13. A system for accessing data as in claim 11 wherein the trailing read element is offset from the leading read element across a width of the data track in a direction normal to the tape direction.
14. A system for accessing data as in claim 13 wherein the trailing write element is aligned with the leading read element across the width of the data track and the leading write element is aligned with the trailing read element across the width of the data track.
Description
BACKGROUND OF THE INVENTION

1. Field of the Invention

The present invention relates to accessing data stored on tape.

2. Background Art

Tape is increasingly used as a data storage media due to its high volumetric data density and its low cost per bits stored. Typically, data is written onto tape with a tape head having a plurality of write elements for simultaneously writing data tracks. The tape head typically includes a plurality of read elements for simultaneously reading these data tracks. One tape head configuration includes two modules, each module having a plurality of write elements and associated read elements. The modules are arranged such that, for a given tape direction over the access head, the read elements precede the write elements on one module and the write elements precede the read elements on the other module. This configuration supports read-after-write in either tape direction.

When a tape access system is unable to read data written on the tape, the tape is typically rewound and an attempt is made to read the data again. This attempt is successful in most cases. However, this recovery effort takes a significant amount of time. The tape drive is required to stop the tape, run the tape backwards a small distance, stop the tape again, and then start the tape in the original direction of motion. This repositioning interrupts operation and causes performance degradation of the tape access system.

What is needed is to decrease the number of repositions during read back mode. Preferably, any decrease in repositions will be accomplished without significantly increasing the tape access system complexity.

SUMMARY OF THE INVENTION

The present invention decreases the number of repositions during read back by making use of multiple read elements associated with each data track.

To this end, a tape access system is provided. A tape head has two read elements associated with each data track to be simultaneously read. Each read element generates a read signal in response to information recorded on the data track. Each of a plurality of sets of read electronics receives the read signal from either one or the other of the two read elements associated with each data track and converts the received read signal into read data. For each data track, control logic selects one of the two read elements as a source for output data. In response to a determination that a read error has occurred, the control logic selects the other of the two read elements as the source for output data.

In an embodiment of the present invention, the two read elements comprise a leading read element preceding a trailing element in the tape direction. The control logic selects the trailing read element prior to determining that a read error has occurred and selects the leading read element after determining that a read error has occurred. A buffer holds read data generated by the leading read clement. The control logic reads data from the buffer after determining that a read error has occurred.

In another embodiment of the present invention, the control logic selects the leading read element prior to determining that a read error has occurred and selects the trailing read element after determining that a read error has occurred.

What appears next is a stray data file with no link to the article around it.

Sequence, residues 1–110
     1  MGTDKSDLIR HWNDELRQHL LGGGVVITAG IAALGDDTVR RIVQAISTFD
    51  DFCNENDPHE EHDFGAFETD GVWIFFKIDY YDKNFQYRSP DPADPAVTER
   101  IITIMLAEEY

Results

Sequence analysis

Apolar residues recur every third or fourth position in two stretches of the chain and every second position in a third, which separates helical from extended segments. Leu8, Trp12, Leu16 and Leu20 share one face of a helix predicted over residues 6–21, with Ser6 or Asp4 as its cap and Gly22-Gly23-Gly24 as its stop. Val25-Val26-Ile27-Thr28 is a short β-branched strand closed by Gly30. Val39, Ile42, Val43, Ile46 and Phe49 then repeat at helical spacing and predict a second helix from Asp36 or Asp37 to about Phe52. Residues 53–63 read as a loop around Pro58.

In yet another embodiment of the present invention, each read element in the two read elements associated with each data track is offset relative to the other read element in an offset direction normal to the tape direction. A write element associated with one read element may be offset in the offset direction so as to be aligned in the offset direction with the other read element. A write element associated with the other read element may be offset in the offset direction so as to be aligned in the offset direction with the one read element.

A method of reading data written onto a plurality of data tracks is also provided. Each data track is accessed with a leading read element and a trailing read element. The leading read element accesses a particular location on the data track before the trailing read element accesses that particular location. Each read element generates a read signal. For each data track, output data is generated based on the read signals from the leading read element. If an error is determined, the output data is generated based on the read signals from the trailing read element.

A tape head for accessing a plurality of data tracks written along a length of a tape is also provided. The tape head includes a plurality of leading read elements, each leading read element accessing one data track, and a trailing read element corresponding to each leading read element. Each read element has a width less than the accessed data track width. Each trailing read element is offset across the width of the data track relative to the corresponding leading read element.

In an embodiment of the present invention, the tape head includes a plurality of write elements. Each write element is constructed as part of a leading read element and is offset across the width of the data track relative to the leading read clement by an amount substantially the same as the amount that the corresponding trailing read element is offset across the width of the data track relative to the leading read element. Similarly, a write element may be constructed as part of a trailing read element with the write element offset across the width of the data track relative to the trailing read element by an amount substantially the same as the amount that the corresponding leading read element is offset across the width of the data track relative to the trailing read element.

The above features, and other features and advantages of the present invention are readily apparent from the following detailed descriptions thereof when taken in connection with the accompanying drawings.

BRIEF DESCRIPTION OF THE DRAWINGS

FIG. 1 is a block diagram illustrating tape access electronics that may be used with the present invention;

FIG. 2 is a schematic diagram of a tape access system according to an embodiment of the present invention;